Moral Comfort versus Tragic Downfall: Kant's Concept of the Dynamically Sublime and Schelling's Tragic Alternative

Moral Comfort versus Tragic Downfall: Kant's Concept of the Dynamically Sublime and... <p>Abstract:</p><p>The first few sections of this article concern the pleasure taken in the dynamically sublime. I argue that, according to Kant, intuited nature does not only serve to occasion that pleasure, but is actually a constitutive element of it. The latter sections concern the role of the dynamically sublime in Kant&apos;s philosophy. I argue that this notion is a significant link between morality and theology. This explains why some unique anti-Kantian arguments directed against the link have led Schelling to develop an alternative conception of the sublime, which must be understood in terms of tragedy.</p> http://www.deepdyve.com/assets/images/DeepDyve-Logo-lg.png Journal of the History of Ideas University of Pennsylvania Press

Moral Comfort versus Tragic Downfall: Kant&apos;s Concept of the Dynamically Sublime and Schelling&apos;s Tragic Alternative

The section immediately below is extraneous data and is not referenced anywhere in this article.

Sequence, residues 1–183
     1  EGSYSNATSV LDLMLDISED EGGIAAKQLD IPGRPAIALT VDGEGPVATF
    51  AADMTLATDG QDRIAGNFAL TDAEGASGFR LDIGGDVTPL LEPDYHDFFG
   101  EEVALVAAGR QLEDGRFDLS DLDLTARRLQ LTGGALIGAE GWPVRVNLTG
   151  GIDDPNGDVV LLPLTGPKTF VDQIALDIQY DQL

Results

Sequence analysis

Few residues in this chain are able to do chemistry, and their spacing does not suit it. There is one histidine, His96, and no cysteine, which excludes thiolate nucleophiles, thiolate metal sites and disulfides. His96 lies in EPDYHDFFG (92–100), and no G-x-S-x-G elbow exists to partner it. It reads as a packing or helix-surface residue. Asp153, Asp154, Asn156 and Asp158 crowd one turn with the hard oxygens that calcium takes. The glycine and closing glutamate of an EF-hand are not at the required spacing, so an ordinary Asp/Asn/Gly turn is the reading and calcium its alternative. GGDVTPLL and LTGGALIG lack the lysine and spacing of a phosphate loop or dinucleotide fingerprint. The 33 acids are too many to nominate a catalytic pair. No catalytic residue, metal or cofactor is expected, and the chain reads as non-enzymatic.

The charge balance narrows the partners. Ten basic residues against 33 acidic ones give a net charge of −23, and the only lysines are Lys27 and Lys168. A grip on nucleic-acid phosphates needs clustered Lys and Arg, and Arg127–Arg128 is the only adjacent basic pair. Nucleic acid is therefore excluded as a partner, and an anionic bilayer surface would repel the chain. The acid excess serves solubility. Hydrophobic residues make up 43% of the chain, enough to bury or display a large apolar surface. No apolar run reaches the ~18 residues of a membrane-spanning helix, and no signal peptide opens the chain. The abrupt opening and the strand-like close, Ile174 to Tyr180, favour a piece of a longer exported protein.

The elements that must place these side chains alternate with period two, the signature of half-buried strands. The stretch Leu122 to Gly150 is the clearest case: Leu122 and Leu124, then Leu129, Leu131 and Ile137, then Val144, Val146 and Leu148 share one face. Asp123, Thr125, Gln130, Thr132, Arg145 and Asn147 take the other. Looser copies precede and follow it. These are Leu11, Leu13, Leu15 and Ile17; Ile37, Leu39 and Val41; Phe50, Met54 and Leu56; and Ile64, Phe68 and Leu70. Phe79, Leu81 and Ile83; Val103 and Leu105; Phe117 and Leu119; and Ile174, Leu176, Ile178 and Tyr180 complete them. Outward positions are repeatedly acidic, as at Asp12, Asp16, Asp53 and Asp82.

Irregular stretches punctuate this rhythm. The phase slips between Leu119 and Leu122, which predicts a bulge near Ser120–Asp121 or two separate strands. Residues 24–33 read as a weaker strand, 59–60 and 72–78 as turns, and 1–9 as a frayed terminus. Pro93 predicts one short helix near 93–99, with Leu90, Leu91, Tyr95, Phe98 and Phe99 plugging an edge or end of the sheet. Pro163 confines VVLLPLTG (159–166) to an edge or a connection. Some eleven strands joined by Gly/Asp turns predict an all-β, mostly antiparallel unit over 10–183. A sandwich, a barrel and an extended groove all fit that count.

Journal of the History of Ideas, Volume 79 (4) – Nov 7, 2018

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Publisher
University of Pennsylvania Press
Copyright
Copyright © 2008 The Journal of the History of Ideas, Inc.
ISSN
1086-3222

Abstract

<p>Abstract:</p><p>The first few sections of this article concern the pleasure taken in the dynamically sublime. I argue that, according to Kant, intuited nature does not only serve to occasion that pleasure, but is actually a constitutive element of it. The latter sections concern the role of the dynamically sublime in Kant&apos;s philosophy. I argue that this notion is a significant link between morality and theology. This explains why some unique anti-Kantian arguments directed against the link have led Schelling to develop an alternative conception of the sublime, which must be understood in terms of tragedy.</p>

Journal

Journal of the History of IdeasUniversity of Pennsylvania Press

Published: Nov 7, 2018

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